'I think I was fired at Cornell in part because I was open ( about being lesbian ) . ... There has been some horrific bashing in the field of theater as well as academics. I've had graffiti written in my notebooks or on the blackboard, jokes told to my face ... .' Her inspiration as a writer and role model—not that Vogel claims to be one, but she is—has been Marie Irene Fornes, now 77, a New York writer who was born in Cuba and is a legend of Off-Broadway theatrical innovation, progressive values and the women's movement. 'Marie Irene Fornes is my mantra. Being in the closet is not an option because of her. Being in the closet is just not an option because of my brother.' She chuckles, 'Been gay so long, looks like straight to me. Yet I don't feel I can speak for young lesbians.'

Despite her own lengthy and successful career, Vogel says 'The American theater remains homophobic. In fact, there's a peculiar misogyny combined with homophobia that's very potent. If we say that only 17 percent of all plays produced are written by women, can you imagine how few of those are written by lesbians?'

Vogel's own current writing project is work of musical theater, A Civil War Christmas, combining literature and music from the great War Between the States, and set on Christmas Eve, 1864. She's spent eight years researching the history, literature and music of the period to shape the work, which will see two developmental productions next year under the direction of the gifted Tina Landau ( a Steppenwolf Ensemble member ) .

'My first love has always been musical theater ( but ) I took a 30-year detour,' she says, explaining the gap between the musicals of her high school and college years and today. 'The musical is the American art form. It's the most like Brecht's work was ( in 1920's Germany ) as an expression of Americanism.'

Vogel has a great deal to say about contemporary America, to be sure, and none of it is very good when it comes to the current state of our politics and our government. She decries the Bush administration and its compulsive need to foster subjects of hatred, whether Islam, immigrants or gays and lesbians.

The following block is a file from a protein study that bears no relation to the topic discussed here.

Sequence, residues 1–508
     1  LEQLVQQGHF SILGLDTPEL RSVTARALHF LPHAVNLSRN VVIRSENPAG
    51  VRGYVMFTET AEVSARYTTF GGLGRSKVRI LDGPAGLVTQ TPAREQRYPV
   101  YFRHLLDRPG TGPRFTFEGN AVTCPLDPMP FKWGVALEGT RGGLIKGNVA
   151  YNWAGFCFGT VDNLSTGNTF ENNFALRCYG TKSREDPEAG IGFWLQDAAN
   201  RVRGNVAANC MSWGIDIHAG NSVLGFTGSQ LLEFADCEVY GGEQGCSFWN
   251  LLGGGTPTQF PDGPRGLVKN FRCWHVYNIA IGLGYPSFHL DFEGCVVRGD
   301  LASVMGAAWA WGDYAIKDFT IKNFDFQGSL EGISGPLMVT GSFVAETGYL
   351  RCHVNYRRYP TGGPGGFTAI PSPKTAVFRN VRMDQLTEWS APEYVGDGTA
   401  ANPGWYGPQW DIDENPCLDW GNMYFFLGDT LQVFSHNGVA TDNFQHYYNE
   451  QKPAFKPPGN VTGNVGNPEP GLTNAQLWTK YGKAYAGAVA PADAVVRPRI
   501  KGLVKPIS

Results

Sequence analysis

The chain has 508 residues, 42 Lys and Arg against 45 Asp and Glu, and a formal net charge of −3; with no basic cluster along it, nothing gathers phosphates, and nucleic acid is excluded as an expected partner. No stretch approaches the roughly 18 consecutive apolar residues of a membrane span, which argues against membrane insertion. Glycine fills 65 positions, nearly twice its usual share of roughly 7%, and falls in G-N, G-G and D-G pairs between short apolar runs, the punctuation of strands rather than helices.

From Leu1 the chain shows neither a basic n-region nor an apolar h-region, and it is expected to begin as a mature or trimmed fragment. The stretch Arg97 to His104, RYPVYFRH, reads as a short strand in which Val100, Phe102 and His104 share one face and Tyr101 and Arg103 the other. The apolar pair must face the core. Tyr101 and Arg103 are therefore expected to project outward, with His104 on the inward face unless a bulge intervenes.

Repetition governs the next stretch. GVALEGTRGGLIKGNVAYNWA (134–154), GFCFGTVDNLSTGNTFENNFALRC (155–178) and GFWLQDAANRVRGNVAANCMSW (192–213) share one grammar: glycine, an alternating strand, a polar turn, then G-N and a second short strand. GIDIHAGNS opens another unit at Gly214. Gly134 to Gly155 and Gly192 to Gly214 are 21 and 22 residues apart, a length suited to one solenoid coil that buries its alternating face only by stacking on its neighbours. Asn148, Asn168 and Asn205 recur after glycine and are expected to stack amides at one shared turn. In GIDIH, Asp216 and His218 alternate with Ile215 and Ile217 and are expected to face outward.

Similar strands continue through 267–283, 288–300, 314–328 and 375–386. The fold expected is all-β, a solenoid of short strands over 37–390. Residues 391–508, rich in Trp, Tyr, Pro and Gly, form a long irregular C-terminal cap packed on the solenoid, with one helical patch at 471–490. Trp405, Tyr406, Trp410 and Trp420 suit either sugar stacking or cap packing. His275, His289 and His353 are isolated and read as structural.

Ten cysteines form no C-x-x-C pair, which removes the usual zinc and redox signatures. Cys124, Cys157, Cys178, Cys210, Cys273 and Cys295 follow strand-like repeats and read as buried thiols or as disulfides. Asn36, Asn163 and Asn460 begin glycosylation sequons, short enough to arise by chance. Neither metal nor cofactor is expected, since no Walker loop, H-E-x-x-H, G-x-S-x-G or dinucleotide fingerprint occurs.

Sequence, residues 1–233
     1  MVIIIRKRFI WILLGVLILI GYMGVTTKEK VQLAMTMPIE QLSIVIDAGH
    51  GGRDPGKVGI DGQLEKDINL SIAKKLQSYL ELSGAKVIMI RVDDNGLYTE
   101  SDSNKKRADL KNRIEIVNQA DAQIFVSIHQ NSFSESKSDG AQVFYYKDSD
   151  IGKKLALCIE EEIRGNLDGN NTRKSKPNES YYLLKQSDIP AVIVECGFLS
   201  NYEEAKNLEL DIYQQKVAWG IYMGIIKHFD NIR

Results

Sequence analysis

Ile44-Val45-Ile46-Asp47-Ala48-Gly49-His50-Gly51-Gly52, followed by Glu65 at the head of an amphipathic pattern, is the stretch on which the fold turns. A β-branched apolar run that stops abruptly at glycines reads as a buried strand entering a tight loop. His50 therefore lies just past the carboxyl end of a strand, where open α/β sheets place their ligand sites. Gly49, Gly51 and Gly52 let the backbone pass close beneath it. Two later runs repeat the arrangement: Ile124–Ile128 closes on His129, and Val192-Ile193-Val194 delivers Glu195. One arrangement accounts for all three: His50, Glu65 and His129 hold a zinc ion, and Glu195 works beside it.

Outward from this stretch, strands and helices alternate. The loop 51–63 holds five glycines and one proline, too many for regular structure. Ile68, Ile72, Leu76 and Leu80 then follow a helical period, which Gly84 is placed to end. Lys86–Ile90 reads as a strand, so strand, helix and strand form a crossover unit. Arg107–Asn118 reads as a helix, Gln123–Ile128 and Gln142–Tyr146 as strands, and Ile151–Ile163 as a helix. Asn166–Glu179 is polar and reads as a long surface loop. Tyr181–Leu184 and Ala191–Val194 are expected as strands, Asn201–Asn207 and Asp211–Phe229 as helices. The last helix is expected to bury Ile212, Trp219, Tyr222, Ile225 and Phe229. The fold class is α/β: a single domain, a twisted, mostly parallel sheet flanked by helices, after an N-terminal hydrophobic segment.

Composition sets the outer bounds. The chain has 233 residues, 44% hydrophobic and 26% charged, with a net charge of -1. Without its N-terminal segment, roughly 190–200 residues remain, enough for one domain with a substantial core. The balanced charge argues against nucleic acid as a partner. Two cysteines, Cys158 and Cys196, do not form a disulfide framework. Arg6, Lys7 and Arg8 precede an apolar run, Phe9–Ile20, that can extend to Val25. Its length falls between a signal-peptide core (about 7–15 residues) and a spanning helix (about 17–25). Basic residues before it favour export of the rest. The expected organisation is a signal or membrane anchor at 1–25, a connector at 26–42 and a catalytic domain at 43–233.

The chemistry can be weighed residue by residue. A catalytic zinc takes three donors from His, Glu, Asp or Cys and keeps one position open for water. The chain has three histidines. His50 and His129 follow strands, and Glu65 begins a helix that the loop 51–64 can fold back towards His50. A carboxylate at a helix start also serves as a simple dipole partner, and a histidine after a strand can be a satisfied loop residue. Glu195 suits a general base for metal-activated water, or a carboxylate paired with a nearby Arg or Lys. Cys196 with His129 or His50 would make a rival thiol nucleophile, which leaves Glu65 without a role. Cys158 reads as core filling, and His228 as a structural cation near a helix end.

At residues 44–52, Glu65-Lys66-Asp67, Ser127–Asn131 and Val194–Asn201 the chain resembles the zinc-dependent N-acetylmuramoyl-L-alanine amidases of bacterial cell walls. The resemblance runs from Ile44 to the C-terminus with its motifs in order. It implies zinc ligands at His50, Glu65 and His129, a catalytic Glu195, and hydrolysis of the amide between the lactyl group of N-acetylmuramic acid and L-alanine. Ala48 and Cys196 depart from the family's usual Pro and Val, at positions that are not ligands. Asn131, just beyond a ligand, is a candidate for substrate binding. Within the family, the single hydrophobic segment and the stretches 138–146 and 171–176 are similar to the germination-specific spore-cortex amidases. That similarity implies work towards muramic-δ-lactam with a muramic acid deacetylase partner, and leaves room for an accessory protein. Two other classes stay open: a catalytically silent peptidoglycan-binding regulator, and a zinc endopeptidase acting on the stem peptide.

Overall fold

She does believe that the creative impulse within everyone is a saving grace, or might be if it were not wrung out of most of us as children by conformity-driven social and educational systems. 'I come from the point of view that we are all born innately artists; that creating in the arts is a human impulse. ... If all men and women are artists, then every man and woman is gay or lesbian.'

facebook twitter pin it stumble upon digg google +1 reddit email

Windy City Media Group does not approve or necessarily agree with the views posted below.
Please do not post letters to the editor here. Please also be civil in your dialogue.
If you need to be mean, just know that the longer you stay on this page, the more you help us.


Indie Boots Theatre Festival 2016: The Ava Plays 2016-04-29
Nominees Announced For the 43rd Non-Equity Jeff Awards 2016-04-29
Harris Theater Presents Music & Dance 2016-17 Season 2016-04-28
THEATER REVIEW Even Longer and Farther Away 2016-04-27
THEATER REVIEW In the Time of the Butterflies 2016-04-27
THEATER REVIEW Sender 2016-04-27
THEATER REVIEW The Producers 2016-04-27
Theater spotlight on In the Heat of the Night, Critic's Picks 2016-04-27
THEATER The end of adolescence: Ike Holter looks at aging hipsters in 'Sender' 2016-04-27
Jennifer Hudson, Harvey Fierstein in "Hairspray Live" to air Dec. 7 2016-04-25
From Berlin to Tinseltown 2016-04-19
THEATER REVIEW Mitera 2016-04-19
THEATER REVIEW Carlyle 2016-04-19
THEATER REVIEW Mary Page Marlowe 2016-04-19
DOUBLE REVIEW Dreamgirls. Trash 2016-04-19
Theater spotlight on Cabaret, Critics' Picks 2016-04-19